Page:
Telling science and ideology apart: maybe it’s nuance

“I have something in common with climate change myself. When I read about myth masquerading as fact, I find that my own temperature starts rising.”

Michael Kirsch thinks medicine and climate change might have some common elements.

“I don’t think that creationism is science and it should not be disguised as such. Global warming, or climate change, however, is more nuanced. While it is inarguable that temperatures have been rising, it is not certain and to what extent human activities are responsible for this. Clearly, this issue has been contaminated by politically correct warriors and those who have an agenda against fossil fuel use. Science, like all scholarship, should be a pursuit of the truth, without a destination in sight. Believing or wanting to believe that man is turning the world’s heat up may sound plausible, but it may not be true.

 

Just because something sounds true and logical, doesn’t make it so. In addition, repeating an opinion like a mantra isn’t sufficient to confer legitimacy on a view. Zealots and partisans gainsay these inconvenient truths.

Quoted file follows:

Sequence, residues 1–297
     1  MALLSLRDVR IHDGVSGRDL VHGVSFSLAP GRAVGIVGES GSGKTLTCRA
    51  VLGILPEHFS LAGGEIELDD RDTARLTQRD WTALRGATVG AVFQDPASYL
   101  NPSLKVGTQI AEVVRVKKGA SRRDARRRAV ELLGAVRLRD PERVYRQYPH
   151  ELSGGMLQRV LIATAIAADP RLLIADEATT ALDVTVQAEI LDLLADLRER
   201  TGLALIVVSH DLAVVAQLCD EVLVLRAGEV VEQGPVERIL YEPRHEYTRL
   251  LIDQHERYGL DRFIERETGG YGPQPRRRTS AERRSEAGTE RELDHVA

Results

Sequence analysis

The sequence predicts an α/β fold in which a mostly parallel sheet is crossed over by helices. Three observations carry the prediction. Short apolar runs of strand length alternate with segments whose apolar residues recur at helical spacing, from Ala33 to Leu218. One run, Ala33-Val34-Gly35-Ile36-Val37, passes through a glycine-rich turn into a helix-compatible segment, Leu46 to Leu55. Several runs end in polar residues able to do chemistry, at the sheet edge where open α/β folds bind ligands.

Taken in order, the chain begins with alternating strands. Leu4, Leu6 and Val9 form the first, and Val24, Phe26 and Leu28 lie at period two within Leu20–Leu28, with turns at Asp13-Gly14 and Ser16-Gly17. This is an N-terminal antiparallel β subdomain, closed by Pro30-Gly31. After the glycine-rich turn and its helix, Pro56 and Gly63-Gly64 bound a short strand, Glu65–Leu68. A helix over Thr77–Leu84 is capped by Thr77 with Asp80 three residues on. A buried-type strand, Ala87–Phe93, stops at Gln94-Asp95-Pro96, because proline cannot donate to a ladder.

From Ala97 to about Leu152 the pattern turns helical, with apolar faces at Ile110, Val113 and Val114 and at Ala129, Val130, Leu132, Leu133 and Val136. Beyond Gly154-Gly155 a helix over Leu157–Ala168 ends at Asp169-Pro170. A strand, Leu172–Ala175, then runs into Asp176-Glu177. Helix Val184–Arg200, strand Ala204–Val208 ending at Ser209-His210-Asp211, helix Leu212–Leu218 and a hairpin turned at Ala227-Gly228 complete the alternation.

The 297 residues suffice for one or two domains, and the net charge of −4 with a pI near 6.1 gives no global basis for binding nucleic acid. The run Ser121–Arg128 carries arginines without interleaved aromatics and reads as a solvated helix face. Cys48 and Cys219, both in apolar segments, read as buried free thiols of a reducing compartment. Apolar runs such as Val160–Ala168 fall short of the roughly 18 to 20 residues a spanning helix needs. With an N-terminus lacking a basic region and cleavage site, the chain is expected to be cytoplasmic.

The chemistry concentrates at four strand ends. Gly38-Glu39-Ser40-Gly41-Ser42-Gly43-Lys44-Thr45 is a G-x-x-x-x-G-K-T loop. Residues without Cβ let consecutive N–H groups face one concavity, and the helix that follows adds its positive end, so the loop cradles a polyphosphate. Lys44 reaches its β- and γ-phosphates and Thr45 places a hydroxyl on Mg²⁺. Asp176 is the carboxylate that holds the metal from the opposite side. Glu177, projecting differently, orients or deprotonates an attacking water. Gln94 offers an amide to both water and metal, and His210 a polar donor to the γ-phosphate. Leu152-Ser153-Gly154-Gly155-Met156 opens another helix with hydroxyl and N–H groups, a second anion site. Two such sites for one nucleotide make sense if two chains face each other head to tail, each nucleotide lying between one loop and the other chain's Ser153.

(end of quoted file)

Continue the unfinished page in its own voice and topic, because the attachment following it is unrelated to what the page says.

In the medical universe, much is presented as true, which may be either false or unproved. Consider how many established medical procedures and practices have no underlying science to buttress them. Consider the following examples and decide if you agree that each is a good idea that makes sense.  Do they sound right or are they truly sound?”

Too often, people go off on things that sound right but are not truly sound. They then proceed to rationalize what they think sounds right and that is where the problem comes in. The often miss things like the comparison Kirsch provides between creationism and climate change. That is noting the ‘weak analogy‘ logical fallacy. The use of such fallacies is not restricted to a particular topic but rather to a behavior where trying to figure out what is truly sound is not the goal.

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